Date of Award
Master of Arts
Hilary Havens, Misty Anderson, Gerard Cohen-Vrignaud
There is a dearth of criticism that analyzes Jane Austen’s characters through the lens of neurodivergence — that is, an umbrella term for neurological difference, or behavior and cognitive processing that differs from what is “typical”. Although Austen has male characters that have been read as neurodivergent, this thesis will principally focus on two of Austen’s neurodivergent heroines: Marianne Dashwood and Emma Woodhouse. To support neurodivergent interpretations of these heroines, I will supplement close readings of Sense and Sensibility and Emma with social science and psychological literature. Marianne exhibits numerous traits that characterize Autism Spectrum Disorder (ASD), and Emma exhibits many traits of Narcissistic Personality Disorder (NPD). Through their supportive relationships with loved ones and social development, Marianne and Emma acquire the skills to navigate the neurotypical society of late eighteenth-century England. Just as Austen novels act as pedagogical programs for women entering eighteenth-century English society, they specifically provide guidance for neurodivergent women like Marianne and Emma, and through characters like Elinor Dashwood and Mr. Knightley, they model supportive relationships between neurodivergent and neurotypical individuals.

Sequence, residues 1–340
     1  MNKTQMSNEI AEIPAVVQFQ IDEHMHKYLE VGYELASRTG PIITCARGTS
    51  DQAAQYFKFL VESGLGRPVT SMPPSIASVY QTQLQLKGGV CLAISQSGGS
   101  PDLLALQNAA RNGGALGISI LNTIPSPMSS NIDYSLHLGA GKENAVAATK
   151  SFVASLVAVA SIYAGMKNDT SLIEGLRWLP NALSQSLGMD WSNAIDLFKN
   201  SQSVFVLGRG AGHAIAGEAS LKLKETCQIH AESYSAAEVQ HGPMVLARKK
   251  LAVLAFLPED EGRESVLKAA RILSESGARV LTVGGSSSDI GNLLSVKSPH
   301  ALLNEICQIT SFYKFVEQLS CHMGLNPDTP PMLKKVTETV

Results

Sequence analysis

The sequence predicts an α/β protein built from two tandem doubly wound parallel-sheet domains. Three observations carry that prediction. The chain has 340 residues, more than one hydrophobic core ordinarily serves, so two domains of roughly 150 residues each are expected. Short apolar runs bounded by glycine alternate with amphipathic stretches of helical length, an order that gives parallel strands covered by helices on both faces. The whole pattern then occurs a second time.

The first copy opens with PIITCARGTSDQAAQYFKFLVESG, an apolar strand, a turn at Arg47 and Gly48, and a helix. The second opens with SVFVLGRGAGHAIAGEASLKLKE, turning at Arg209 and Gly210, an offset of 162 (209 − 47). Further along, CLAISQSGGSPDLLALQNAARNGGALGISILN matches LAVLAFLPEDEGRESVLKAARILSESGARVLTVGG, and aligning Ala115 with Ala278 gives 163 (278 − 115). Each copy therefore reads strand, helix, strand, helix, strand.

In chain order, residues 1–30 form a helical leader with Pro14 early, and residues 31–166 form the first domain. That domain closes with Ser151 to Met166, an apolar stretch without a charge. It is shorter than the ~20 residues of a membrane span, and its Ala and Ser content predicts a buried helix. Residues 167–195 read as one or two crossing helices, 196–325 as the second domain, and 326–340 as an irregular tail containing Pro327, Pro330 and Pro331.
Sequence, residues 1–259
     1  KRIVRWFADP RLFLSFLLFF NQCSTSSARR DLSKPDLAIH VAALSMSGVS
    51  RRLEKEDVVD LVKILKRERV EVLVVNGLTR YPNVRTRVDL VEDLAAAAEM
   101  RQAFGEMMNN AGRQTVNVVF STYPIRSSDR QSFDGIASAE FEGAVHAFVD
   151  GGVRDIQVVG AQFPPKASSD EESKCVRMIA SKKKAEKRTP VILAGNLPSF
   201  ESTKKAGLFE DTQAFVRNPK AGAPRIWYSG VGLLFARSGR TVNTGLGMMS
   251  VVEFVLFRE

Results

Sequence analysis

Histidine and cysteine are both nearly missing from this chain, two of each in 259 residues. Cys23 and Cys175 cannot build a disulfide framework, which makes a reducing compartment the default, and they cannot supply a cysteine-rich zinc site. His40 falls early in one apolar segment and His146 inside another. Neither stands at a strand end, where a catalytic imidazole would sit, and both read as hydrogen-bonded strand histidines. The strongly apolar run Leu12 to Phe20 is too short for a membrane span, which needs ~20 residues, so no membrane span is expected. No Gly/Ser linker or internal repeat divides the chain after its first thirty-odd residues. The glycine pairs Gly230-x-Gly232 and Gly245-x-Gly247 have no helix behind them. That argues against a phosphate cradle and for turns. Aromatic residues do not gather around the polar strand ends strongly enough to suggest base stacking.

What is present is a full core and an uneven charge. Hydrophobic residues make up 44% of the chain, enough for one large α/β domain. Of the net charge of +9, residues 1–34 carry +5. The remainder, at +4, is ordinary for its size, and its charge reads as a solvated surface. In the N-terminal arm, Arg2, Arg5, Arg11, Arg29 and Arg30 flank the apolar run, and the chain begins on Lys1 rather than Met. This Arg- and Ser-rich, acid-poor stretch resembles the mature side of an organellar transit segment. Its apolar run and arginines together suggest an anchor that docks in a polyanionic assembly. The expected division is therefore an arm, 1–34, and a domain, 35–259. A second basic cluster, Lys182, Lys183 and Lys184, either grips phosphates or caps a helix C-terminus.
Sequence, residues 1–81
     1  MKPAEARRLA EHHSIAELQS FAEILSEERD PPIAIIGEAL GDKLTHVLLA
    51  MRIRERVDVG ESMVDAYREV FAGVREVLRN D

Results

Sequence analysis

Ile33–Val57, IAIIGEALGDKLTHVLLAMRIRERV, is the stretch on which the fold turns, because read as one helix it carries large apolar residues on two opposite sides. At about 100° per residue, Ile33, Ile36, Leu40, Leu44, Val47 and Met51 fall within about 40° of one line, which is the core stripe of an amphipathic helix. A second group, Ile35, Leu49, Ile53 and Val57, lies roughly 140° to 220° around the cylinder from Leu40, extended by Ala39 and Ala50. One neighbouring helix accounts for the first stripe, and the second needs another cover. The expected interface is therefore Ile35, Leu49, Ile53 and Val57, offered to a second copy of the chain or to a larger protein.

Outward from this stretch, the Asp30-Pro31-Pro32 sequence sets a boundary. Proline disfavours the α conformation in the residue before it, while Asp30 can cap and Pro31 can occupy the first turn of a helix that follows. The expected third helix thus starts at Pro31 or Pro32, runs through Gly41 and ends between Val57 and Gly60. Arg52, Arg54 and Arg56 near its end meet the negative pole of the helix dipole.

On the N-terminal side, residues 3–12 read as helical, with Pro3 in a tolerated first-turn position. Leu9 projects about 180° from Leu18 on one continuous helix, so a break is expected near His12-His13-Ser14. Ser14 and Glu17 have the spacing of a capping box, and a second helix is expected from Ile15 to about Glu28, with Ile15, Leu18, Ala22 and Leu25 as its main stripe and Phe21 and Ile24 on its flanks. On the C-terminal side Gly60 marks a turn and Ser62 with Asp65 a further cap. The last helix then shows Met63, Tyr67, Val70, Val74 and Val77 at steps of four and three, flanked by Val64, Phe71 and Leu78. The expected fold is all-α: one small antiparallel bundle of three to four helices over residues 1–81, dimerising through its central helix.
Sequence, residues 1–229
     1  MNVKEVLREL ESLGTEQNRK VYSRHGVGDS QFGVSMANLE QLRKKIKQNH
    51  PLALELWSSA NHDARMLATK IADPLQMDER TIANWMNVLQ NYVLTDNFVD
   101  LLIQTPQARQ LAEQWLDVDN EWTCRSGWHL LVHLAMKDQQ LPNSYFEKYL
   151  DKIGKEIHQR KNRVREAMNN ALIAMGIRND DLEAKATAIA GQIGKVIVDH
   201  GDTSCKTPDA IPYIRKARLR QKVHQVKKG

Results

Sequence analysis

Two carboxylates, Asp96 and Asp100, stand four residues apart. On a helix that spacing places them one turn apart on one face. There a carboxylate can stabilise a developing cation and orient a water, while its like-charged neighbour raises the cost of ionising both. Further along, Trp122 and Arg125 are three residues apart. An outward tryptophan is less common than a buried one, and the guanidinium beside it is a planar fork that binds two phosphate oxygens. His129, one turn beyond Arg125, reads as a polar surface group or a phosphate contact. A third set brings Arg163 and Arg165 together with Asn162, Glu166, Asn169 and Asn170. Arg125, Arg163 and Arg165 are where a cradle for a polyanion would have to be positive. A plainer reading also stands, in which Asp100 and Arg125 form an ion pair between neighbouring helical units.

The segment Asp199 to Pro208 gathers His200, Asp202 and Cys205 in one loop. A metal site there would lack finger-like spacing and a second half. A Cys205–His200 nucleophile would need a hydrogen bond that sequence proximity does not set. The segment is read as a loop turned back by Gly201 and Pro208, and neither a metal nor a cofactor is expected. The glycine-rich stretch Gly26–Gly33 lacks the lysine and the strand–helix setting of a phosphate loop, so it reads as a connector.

Sausa, Alexandra, "Neurodiversity in Sense and Sensibility and Emma: Jane Austen’s Heroines and Their Cognitive Difference. " Master's Thesis, University of Tennessee, 2023.